We’ve been unschooling since the last millennium. (Wow, that sounds impressive, but really isn’t.) When my second son was born in 1999, I decided I didn’t want to miss any more of the daily discoveries of my two boys, so I left the corporate world and embraced an entirely new lifestyle.
Our unschooling day in 2012 of course doesn’t look like it did in 1999. Actually our unschooling day today doesn’t look like it did yesterday. Unschooling means we meet our needs at the moment, and our needs are constantly changing.
Here is what our Friday looked like on September 7th, 2012.
I wake up for the second time. I was briefly awake when my husband kissed me goodbye around 5:30am. Our Sleepyhouse is mostly still sleeping and is very quiet. I have my breakfast, read, practice healing meditations for my health condition, watch hummingbirds, and check in on Facebook and Pinterest. It is typical that I have early mornings to myself. I believe young teenaged men need their sleep.
My 13-year-old son wakes up. We enjoy hang time on the couch, while his brain defogs. We watch Ned’s Declassified. I share with him my actual junior high experiences and assure him real school is nothing like Ned’s Declassified. I point out that the lead actor playing the part of Ned was actually homeschooled.
With his brain now awake, DS13 informs me he is going down to the game cave in the basement to play video games. What he actually does is wake up our parakeets. He removes their covering and tends to their food and water. I have not asked him to do this. He sees the birds and chooses to meet their needs before meeting his own. Witnessing my son’s responsible act inspires me to tend to the laundry.
I’m baking banana bread. Possibly the aroma brings DS16 out of his sleep coma. I know he was up very late writing. He prefers to stay up later than the rest of us because when our Sleepyhouse is quiet, he enjoys reading and writing. He has several film projects he is currently working on. Some of which are his own, and others are collaborations. He also has been working with a film making mentor. I sit with DS16 while he eats his breakfast, asking how the writing went last night.
DS16 hooks the laptop up to the TV and watches an internet video on film making. DS13 is on the downstairs computer. I feel blessed to have these resources at our disposal.
DS13 chooses to get off the computer and is curious about what DS16 is watching. We all end up alongside DS16, who is now watching an internet critique countdown webisode of the top ten Batman episodes. DS13 and I eat peanut butter sandwiches while we give our opinions regarding the countdown and discuss other top ten lists.
After swimming, we stop at the credit union so the boys can deposit their paychecks. DS16 has a web video business, and DS13 has a pooperscooper and lawn-mowing business. I think its awesome they are young entrepreneurs, and one of them has discovered a way to make money doing what he enjoys.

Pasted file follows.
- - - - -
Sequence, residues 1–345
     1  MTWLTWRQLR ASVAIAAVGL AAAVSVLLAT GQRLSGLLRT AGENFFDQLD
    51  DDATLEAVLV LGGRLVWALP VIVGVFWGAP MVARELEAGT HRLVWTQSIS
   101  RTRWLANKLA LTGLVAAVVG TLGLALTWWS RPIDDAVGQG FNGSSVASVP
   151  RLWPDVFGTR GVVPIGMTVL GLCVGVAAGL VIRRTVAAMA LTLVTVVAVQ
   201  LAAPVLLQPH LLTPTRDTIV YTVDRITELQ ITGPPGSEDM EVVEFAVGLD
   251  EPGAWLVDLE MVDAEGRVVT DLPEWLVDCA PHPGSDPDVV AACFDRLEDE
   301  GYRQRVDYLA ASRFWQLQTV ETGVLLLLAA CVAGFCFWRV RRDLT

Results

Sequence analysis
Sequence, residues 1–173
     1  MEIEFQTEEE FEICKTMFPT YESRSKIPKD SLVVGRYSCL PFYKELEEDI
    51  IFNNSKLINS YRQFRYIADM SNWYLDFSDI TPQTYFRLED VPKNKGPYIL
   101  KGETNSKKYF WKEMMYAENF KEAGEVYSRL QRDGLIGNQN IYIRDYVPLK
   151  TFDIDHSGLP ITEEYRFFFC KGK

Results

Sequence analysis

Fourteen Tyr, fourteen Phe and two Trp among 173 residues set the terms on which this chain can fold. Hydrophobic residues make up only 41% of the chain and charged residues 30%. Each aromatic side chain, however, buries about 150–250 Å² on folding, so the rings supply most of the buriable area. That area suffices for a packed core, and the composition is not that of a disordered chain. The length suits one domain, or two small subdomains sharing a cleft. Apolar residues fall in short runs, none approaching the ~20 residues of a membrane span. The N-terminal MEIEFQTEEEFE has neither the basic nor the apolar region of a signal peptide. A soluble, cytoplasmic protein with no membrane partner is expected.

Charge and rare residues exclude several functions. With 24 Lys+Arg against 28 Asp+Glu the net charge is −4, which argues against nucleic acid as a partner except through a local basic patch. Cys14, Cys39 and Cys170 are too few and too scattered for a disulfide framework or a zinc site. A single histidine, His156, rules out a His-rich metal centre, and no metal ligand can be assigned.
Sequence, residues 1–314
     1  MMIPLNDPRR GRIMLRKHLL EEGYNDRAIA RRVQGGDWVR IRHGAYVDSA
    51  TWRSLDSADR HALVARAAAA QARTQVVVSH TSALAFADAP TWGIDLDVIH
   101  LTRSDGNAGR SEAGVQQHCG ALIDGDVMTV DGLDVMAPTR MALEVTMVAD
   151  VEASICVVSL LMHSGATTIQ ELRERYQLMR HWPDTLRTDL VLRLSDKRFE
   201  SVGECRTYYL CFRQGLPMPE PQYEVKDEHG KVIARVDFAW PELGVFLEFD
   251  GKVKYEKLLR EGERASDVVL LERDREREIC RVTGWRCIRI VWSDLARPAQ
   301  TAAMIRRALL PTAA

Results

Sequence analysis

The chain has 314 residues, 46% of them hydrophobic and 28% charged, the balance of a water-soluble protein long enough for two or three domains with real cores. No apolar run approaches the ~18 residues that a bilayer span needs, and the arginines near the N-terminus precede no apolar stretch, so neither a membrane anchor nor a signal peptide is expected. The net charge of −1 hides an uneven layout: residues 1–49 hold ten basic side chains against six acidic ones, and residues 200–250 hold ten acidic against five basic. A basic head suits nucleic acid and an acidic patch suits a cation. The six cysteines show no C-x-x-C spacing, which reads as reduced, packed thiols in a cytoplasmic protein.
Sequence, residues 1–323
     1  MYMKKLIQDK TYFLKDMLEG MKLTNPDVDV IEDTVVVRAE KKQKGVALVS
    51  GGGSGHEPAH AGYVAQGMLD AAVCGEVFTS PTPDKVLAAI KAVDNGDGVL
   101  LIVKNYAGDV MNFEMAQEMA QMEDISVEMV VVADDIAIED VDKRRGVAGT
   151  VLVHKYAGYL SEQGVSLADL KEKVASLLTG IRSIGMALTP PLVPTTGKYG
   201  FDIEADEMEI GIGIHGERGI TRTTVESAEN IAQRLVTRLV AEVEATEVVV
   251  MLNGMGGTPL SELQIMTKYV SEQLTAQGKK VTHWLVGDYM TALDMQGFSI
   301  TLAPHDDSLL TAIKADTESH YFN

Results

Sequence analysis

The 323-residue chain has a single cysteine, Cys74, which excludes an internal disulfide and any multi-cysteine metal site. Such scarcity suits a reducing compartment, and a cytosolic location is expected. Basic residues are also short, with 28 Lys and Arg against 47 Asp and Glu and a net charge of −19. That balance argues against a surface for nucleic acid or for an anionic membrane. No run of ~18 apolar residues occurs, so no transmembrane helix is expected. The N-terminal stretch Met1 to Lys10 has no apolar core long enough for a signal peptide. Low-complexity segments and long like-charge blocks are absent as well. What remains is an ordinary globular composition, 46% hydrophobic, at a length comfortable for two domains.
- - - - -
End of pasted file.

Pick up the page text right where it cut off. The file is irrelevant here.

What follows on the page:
We get a text: Dad will soon be leaving work. We decide to kill some time in the hospice thrift store. DS16 enjoys being frugal. He finds a few pairs of pants. DS13 prefers to wait in the car, playing games on his iPod. We then meet dad for an early supper of pizza. DS13 spends some of his money playing skeeball, happy to get a high score. I enjoy that we have the pizza place to ourselves. As an unschooler, I love this perk.
We’re back home. DS16 decides to work and write more of his script. DS13 decides to go on the computer and play a game. My husband plays a car race game on a console, buying race cars. I sit beside him and enjoy Pinterest.
DS13 is reading on the couch. Hubby is helping me with wrapping up the remaining daily household chores. DS16 has invited a friend over, and they work on computer special effects and editing film clips.
DS13 heads outside to practice BMX tricks. DS16 is in the basement game cave, still visiting with his friend. My husband and I watch a few episodes of International House Hunters we have on the DVR. DS13 later joins us after about an hour of bike riding.
DS16’s friend leaves and we all sit down with snacks and watch a movie.
I decide to go to bed. The guys tuck me in with nightly prayers, and then head down to the game cave for “midnight” gaming. This is a weekend routine, late night game time with dad. They usually hit the sack around 1:00 or 2:00am.
No Typical Days
I’m frequently asked, by those unfamiliar with unschooling or by new unschoolers, “What does a typical day look like in your home?” There is no typical day. As you see above, our daily quest changes based on our needs and desires.
My boys have grown up as autodidacts. They are young men who take ownership of their own educational choices. I’m still helping to facilitate where needed, but my role has greatly diminished compared to when we first begin in 1999.
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